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Circuit Court Opinions:

Associate Justice Bushrod Washington, United States v. Bright (1809)

Associate Justice Bushrod Washington (1798–1829)

United States v. Bright, 24 F. Cas. 1232 (C.C.D. Pa. 1809) (No. 14,647) [Third Circuit]

The Bright case arose out of a disputed admiralty prize after Americans captured a British ship during the Revolutionary War. The dispute was first decided by a Pennsylvania state court, the judgment of which was reversed by the Court of Appeals in Cases of Capture, a national court established under the Articles of Confederation. The state court, however, refused to recognize the appellate court’s jurisdiction in the matter and ignored its decision. Years later, Gideon Olmsted, who had won the appeal, petitioned the U.S. district court for enforcement of the judgment. U.S. District Judge Richard Peters found in Olmsted’s favor, but the Pennsylvania legislature passed a law forbidding the execution of Peters’s judgment, presumably because the state had received a portion of the prize money under the state court judgment.

The Supreme Court of the United States, on a petition from Olmsted, issued a writ of mandamus ordering Peters to enforce his judgment. Acting on orders from the governor, state militia brigade commander Michael Bright had his men guard the home of two representatives of the deceased state treasurer who had received the state funds in question. Brandishing muskets and bayonets, the men prevented the U.S. marshal from serving Peters’s writ of execution.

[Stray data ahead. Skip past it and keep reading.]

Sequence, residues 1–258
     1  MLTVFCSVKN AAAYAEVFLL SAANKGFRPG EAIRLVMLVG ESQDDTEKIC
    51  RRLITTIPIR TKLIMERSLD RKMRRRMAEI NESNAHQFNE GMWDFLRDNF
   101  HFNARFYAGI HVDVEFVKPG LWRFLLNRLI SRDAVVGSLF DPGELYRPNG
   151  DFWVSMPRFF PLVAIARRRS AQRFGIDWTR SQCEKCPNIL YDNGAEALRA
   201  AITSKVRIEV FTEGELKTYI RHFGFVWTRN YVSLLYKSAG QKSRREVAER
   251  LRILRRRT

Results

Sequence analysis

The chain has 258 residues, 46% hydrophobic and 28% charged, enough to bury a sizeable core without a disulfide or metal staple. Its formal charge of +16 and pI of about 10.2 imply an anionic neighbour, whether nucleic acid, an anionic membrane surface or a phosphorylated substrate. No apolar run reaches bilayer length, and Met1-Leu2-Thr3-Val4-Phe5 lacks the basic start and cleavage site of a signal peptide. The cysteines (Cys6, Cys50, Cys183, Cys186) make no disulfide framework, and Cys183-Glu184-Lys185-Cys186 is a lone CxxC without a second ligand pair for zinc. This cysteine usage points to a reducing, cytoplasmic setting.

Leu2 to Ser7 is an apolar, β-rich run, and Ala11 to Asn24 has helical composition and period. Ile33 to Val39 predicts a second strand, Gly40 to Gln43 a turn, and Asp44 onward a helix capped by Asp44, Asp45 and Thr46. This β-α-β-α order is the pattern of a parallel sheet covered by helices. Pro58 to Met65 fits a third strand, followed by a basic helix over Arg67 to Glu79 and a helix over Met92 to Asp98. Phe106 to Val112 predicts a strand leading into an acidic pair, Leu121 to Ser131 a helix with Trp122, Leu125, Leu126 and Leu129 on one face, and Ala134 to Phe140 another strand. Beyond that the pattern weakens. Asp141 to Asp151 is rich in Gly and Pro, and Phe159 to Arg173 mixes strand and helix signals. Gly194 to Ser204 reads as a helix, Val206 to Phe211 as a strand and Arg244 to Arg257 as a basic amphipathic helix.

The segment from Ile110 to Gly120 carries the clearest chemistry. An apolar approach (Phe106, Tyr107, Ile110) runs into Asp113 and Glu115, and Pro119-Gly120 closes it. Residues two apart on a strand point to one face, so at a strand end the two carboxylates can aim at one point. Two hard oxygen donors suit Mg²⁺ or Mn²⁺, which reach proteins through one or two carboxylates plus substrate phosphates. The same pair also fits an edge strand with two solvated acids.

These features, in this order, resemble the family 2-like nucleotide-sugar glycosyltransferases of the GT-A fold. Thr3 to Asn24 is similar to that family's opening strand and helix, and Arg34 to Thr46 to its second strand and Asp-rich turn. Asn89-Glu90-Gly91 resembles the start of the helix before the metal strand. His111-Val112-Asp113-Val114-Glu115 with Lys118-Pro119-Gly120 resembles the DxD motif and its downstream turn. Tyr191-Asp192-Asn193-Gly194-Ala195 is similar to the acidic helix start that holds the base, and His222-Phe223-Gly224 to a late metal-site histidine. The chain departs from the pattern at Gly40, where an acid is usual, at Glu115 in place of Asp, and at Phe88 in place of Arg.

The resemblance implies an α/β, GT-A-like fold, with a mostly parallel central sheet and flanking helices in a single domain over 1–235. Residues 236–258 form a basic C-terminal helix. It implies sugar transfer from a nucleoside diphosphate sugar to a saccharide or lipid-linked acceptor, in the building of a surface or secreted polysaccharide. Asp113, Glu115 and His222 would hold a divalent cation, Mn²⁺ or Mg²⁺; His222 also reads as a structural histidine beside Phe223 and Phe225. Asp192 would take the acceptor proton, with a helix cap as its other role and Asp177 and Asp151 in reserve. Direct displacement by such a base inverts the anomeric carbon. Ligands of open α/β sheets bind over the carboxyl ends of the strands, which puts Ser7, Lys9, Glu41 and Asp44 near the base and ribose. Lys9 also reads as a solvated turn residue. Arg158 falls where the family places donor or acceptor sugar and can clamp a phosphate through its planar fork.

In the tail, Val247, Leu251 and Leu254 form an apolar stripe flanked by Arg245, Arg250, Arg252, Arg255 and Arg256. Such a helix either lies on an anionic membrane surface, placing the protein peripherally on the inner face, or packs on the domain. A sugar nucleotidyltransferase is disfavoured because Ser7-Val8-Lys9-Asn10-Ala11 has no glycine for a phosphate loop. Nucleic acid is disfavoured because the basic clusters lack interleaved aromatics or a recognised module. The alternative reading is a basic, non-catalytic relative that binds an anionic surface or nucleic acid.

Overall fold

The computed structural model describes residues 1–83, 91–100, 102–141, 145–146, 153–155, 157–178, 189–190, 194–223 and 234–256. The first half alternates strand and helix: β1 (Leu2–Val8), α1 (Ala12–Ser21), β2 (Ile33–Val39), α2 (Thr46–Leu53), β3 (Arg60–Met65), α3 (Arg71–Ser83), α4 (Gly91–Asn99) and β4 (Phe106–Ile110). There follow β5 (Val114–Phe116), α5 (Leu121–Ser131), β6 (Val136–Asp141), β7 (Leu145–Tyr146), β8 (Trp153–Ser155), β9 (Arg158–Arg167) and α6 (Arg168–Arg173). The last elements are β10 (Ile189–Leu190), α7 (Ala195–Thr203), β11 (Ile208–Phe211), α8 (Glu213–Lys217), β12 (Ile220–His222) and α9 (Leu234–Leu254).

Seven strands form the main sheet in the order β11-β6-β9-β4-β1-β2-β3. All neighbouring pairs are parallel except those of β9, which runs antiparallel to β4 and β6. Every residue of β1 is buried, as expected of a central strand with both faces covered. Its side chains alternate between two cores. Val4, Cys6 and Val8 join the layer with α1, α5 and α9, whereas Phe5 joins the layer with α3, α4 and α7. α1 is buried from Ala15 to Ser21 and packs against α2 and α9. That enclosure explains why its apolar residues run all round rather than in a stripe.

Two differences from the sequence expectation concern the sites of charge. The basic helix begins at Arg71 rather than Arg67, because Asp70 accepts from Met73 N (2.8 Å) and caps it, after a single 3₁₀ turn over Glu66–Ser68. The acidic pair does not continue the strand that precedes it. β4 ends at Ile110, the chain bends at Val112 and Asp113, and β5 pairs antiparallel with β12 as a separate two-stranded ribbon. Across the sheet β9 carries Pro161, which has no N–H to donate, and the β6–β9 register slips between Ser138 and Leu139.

Charged with resisting the authority of the United States, Bright rested his defense on the claim that the district court’s judgment was void because the Court of Appeals in Cases of Capture had lacked authority to reverse the judgment of the state court, and on the fact that he had acted pursuant to the governor’s orders. Justice Washington dispensed with the first argument by citing Supreme Court precedent to the effect that the former appellate court’s authority to reverse the admiralty judgments of state courts was a matter of settled law.

Washington also held that Pennsylvania’s attempt to nullify the judgment of a federal court was “unconstitutional and void” on the basis that the Constitution proclaimed federal law to be the supreme law of the land. Bright and the other defendants, Washington instructed the jury, were therefore bound to disobey the illegal orders of the state governor. Any other result, he explained, would lead to the demise of civil authority such that the United States could enforce its laws only by force. A doctrine that following the order of a state government justified violating federal law “appears to us monstrous,” he wrote, “the consequences of it terrible.” The defendants were convicted and sentenced to prison but were immediately pardoned by President James Madison. The Bright case was an early example of a justice on circuit reaffirming the supremacy of federal law in the face of a challenge by state officials.